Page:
Of the nine routine patients with pos¬ itive cultures, results of intravenous urography and cystography were nor¬ mal in all.

Summary of Findings in Five Patient Groups



Urinary tract infections are fre¬ quently seen in pediatrie practice and

often are manifestations of obstruc¬ tive uropathy. The signs and symptoms of urinary tract infection may be subtle, espe¬ cially in the infant. Unexplained fe¬ ver and failure to thrive were the most common presenting signs in one series of urinary tract infections.2 In another series of 66 infants with uri¬ nary tract infection in the first month of life, maternal infections, perinatal

anoxia, unsatisfactory weight gain, lethargy, anorexia, and birth weight inappropriate for length of gestation were all correlated with urinary tract infection.3 The prevalence of urinary tract in¬ fection and silent bacteriuria has been discussed by many authors. In the series reported by Edelmann et al, 0.7% of the full-term and 2.9% of the premature infants had bacte¬ riuria.4 Siegel and associates screened 600 infants in office practice and found that 2% of the boys and 7% of the girls had urinary tract infections.5 Savage et al evaluated urine speci¬ mens of schoolgirls entering the pri¬ mary grades and found 1.6% with bacteriuria. Of these, 70% had symp¬ toms, 35% had reflux, and 23% had roentgenographic changes of pyelo¬ nephritis.6 Lincoln and Winberg stud¬ ied 584 infants and found 27 boys and 5 girls with bacteriuria.7 Abbott screened 1,460 neonates, and 1% had bacteriuria.8 Kunin and co-workers have eval¬ uated urine specimens of thousands of schoolchildren since their survey in 1960, and several important facts have been discovered. The prevalence of bacteriuria in school-age children is 1.2% in schoolgirls, and the acquisi¬ tion rate for urinary tract infection is 0.7% per year.9 In studying 9,878 schoolchildren, 1.1% of the girls and 0.04% of the boys had covert bacte¬ riuria. Of 222 college girls, two had bacteriuria, and of 1,116 boys, none had bacteriuria.1 In a seven-year pe-

Routine Diabetes

Nephrology Urology

No. of Patients 515 89

Patients With Pure Growth on Subculture

No. With

No. With Positive



No. (%)



28 11 20 33

9.(1.8) 3 (3.4) 8 (3.9) 32 (19.8)



52 (5.2)

203 162




Fever without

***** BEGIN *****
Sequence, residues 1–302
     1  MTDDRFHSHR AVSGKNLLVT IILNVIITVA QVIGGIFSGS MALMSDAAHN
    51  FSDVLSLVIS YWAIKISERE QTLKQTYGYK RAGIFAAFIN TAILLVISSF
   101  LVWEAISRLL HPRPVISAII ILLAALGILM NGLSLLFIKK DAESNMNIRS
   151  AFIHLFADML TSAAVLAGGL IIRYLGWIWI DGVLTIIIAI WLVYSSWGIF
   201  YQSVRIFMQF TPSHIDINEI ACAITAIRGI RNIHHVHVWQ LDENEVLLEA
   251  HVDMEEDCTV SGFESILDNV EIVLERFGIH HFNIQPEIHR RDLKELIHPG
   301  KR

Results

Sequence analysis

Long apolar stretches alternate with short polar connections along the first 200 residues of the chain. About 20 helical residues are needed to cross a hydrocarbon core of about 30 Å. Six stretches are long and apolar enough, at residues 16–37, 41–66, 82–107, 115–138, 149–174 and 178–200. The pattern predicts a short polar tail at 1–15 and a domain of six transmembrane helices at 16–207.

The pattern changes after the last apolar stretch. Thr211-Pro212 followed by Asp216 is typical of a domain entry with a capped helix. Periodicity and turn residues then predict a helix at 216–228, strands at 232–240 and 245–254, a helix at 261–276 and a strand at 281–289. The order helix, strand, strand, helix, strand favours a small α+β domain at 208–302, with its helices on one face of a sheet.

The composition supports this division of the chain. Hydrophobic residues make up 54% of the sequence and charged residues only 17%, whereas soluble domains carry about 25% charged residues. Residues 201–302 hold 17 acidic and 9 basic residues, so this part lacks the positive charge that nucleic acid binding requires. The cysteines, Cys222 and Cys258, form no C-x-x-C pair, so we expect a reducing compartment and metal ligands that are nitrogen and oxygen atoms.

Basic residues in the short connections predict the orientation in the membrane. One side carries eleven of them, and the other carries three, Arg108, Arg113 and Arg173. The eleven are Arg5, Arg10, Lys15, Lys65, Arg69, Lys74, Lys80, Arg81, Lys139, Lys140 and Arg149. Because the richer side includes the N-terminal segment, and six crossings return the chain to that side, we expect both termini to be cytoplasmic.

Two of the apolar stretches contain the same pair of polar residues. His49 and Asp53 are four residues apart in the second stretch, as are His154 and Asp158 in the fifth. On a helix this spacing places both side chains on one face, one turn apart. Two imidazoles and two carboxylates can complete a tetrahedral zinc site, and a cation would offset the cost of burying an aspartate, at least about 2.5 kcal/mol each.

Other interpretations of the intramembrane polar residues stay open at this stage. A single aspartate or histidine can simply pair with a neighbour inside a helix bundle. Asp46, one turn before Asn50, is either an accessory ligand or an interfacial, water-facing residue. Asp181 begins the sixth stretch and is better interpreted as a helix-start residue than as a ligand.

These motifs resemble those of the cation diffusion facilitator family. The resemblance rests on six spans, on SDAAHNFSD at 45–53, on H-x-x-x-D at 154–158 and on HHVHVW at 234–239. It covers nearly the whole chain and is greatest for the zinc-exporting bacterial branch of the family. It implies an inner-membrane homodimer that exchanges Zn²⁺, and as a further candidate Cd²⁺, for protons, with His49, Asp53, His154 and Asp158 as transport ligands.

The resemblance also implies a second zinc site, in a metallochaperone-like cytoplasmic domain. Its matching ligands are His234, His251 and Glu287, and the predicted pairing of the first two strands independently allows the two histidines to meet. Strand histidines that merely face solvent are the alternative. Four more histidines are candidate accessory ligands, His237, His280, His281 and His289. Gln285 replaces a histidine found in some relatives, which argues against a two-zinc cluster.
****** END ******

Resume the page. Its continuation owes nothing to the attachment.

localizing signs Totals





Four WBCs per high-power field. t >105 colonies of bacteria per milliliter of urine. *

riod, 2.2% of schoolgirls will have bac¬ a rate of 0.32% per year.10 Five percent of schoolgirls will ac¬


quire bacteriuria in grade school high school.11 A count of 100,000

or or

colonies per milliliter is the most useful criterion of an infected urine sample,9 but Rabinowitz and Saitz state that a value of 50,000 co¬ lonies per milliliter may also be use¬ ful.12 Investigators have noted the un¬ reliability of routine urinalysis for diagnosis of urinary tract infection. Kunin et al found that only 44.3% of patients with bacteriuria have more than four WBCs per high-power field.13 Only one quarter to two thirds of urine samples with pyuria will have substantial bacteriuria, accord¬ ing to Pryles and Lustik.14 In another series, only 19% of urine samples with 105 colonies per milliliter had pyuria, while 31% of those with 105 or more colonies per milliliter did not have pyuria.15 If a value of WBCs per highpower field is used as a criterion, 87% of these will be associated with bacte¬ riuria.16 The number of WBCs in the urine depends on many factors, in¬ cluding method of obtaining a urine specimen, urine flow rate, inflamma¬ tory response of the kidney, and vol¬ ume of urine in which the sediment is more


Earlier studies of bacteriuria in di¬ abetic patients noted that the preva¬ lence varies between 13% and 34%.18·20 However, two other studies showed no difference between diabetic and nondiabetic patients.21·22 In our series, the prevalence of 3.4% in diabetic pa¬ tients was twice that of the 1.8% in